Melbourne: African gang violence in the suburbs out to “get whites”, by Rebecca Urban.
It was more than just an out-of-control party. Having trashed the rented property, the “guests” — dozens of African youths thought to have visited a basketball tournament earlier that day — spilled outside, pelting rocks at neighbouring properties, trampling cars and smashing windscreens with garden stakes or whatever else they could find.
Residents of the quiet street in Werribee, in Melbourne’s west, cowered inside their homes, terrified as the angry mob’s chants about being out to “get whites” were eventually drowned out by the roar of police helicopters.
The scene, according to witnesses, was warlike. And as bewildered police combed through the mess the next morning, they came across a curious calling card: the letters MTS and APEX scrawled on broken furniture.
While the Apex gang was known to police, having become synonymous with Melbourne’s African gang problem following the Moomba riots almost two years ago, MTS — thought to stand for “Menace to Society” in reference to a 1993 US street gangster film, Menace II Society — was something different.
News of a potentially new gang threat, combined with a recent outbreak of violent robberies and attacks, vandalism and affray by young African men across the city, set off a political storm that has travelled all the way to Canberra. …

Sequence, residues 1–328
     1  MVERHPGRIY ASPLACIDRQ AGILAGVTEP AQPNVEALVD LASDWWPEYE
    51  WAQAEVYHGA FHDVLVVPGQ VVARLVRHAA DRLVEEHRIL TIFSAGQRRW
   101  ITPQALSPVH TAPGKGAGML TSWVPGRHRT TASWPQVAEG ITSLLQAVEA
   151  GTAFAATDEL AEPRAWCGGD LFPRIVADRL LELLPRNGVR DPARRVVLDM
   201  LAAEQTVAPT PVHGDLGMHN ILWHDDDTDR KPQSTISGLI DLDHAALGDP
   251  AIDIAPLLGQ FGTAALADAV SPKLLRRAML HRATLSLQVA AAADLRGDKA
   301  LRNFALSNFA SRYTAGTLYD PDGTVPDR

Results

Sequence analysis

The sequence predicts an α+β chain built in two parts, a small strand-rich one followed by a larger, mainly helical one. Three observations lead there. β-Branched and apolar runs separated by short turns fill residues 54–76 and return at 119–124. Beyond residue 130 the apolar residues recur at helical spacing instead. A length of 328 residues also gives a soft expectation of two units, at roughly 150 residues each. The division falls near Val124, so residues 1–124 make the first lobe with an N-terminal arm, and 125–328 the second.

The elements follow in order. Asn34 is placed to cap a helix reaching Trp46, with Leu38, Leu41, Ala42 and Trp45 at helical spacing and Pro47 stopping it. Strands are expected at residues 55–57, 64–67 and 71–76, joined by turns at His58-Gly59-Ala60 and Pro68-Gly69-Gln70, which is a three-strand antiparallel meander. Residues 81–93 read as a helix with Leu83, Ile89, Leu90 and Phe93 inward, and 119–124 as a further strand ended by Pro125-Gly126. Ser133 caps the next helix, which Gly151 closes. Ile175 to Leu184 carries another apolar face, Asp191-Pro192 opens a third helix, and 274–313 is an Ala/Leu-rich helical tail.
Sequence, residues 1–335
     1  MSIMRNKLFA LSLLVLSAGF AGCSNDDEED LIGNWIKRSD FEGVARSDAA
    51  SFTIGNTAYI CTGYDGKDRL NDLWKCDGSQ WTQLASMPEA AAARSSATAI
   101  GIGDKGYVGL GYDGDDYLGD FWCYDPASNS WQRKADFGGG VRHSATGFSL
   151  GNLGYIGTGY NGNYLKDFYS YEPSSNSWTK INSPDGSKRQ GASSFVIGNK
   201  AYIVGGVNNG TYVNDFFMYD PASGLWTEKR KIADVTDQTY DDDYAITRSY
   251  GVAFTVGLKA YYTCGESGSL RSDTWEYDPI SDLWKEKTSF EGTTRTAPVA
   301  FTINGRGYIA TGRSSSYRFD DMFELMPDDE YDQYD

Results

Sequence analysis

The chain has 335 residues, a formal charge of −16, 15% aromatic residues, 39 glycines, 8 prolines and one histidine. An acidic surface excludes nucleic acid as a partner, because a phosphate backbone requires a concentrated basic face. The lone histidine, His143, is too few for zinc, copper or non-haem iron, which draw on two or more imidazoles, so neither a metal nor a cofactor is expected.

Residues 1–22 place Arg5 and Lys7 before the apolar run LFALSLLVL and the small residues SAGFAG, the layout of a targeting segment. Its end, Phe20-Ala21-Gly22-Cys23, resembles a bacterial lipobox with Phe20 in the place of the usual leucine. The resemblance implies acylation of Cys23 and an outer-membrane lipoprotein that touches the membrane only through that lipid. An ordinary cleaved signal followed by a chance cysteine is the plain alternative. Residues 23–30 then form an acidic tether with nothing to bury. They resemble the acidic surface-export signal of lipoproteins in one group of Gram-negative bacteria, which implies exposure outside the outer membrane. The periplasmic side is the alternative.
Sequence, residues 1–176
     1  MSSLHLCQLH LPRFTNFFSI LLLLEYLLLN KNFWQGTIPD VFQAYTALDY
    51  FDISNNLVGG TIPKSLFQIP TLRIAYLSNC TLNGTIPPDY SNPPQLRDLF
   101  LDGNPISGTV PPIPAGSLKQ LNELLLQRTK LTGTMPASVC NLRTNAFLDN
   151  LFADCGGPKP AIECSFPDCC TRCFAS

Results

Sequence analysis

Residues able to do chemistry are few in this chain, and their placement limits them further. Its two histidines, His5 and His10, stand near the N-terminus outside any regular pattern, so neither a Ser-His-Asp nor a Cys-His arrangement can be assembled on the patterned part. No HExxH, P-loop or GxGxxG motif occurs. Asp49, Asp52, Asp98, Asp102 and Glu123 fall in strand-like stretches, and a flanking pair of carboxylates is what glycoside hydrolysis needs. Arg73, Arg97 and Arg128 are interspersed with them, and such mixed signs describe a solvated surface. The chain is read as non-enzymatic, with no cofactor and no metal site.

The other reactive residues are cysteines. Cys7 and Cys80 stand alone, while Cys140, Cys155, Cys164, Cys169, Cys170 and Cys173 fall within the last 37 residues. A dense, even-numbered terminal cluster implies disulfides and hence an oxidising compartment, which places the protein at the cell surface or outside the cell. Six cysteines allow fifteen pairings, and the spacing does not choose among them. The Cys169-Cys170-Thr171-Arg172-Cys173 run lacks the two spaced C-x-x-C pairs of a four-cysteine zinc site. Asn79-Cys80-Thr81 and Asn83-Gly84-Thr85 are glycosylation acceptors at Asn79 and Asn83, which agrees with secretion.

One veteran police officer, based in Melbourne’s west, the heartland of recent criminal activity, tells Inquirer …: “The reality is we do have an issue with groups of young men, who largely come from Sudanese backgrounds, who are absolutely obsessed with American gang culture — the music, the clothing the lifestyle, the language — and they’re running around town acting exactly like a gang.” …
Big mistake, but will anyone own up to it?
Law enforcement authorities have been talking down public concerns about African refugees and crime for more than a decade, coinciding with dramatic growth in the numbers of Sudanese coming to Australia under the humanitarian intake program.
According to the latest census data, more than 20,000 Australian residents were born in Sudan, with 11,422 settling across Greater Melbourne, mainly in the southeastern suburbs (including Dandenong, Noble Park, Springvale and Doveton) and in the west (St Albans, Deer Park, Sunshine West, Werribee and Tarneit).
Back in 2007, following a move by the federal government to cut the number of African refugees admitted into Australia over integration concerns, Victoria’s police chief commissioner at the time, Christine Nixon, defended the community, claiming that Sudanese refugees were convicted of fewer crimes per capita than the general Victorian population. …
Sudanese and South Sudanese leaders have lamented the influence on their young men of American rap and hip-hop music, with its origins as the voice of poor and under-represented African-American youth and its frequently violent narratives.
What’s next? Demands for reparations over slavery?
Melbourne tennis players ‘intimidated by gang of youths’, by Samantha Hutchinson.
A Melbourne tennis club has urged its members to be vigilant when playing at night and has contacted Tennis Australia to spread the message after a group of players were abused and intimidated by a gang of teenagers last Thursday.
The Essendon Tennis Club has warned its members to take their own personal safety seriously and contacted nearby clubs after a gang of 14 teenagers of African appearance threatened players at the Clifton Park Reserve on December 28. …
Club chairperson Rhys Collins told The Australian that no members were hurt during the altercation, but had been left rattled and worried for their safety. … But no charges were laid because no one was hurt.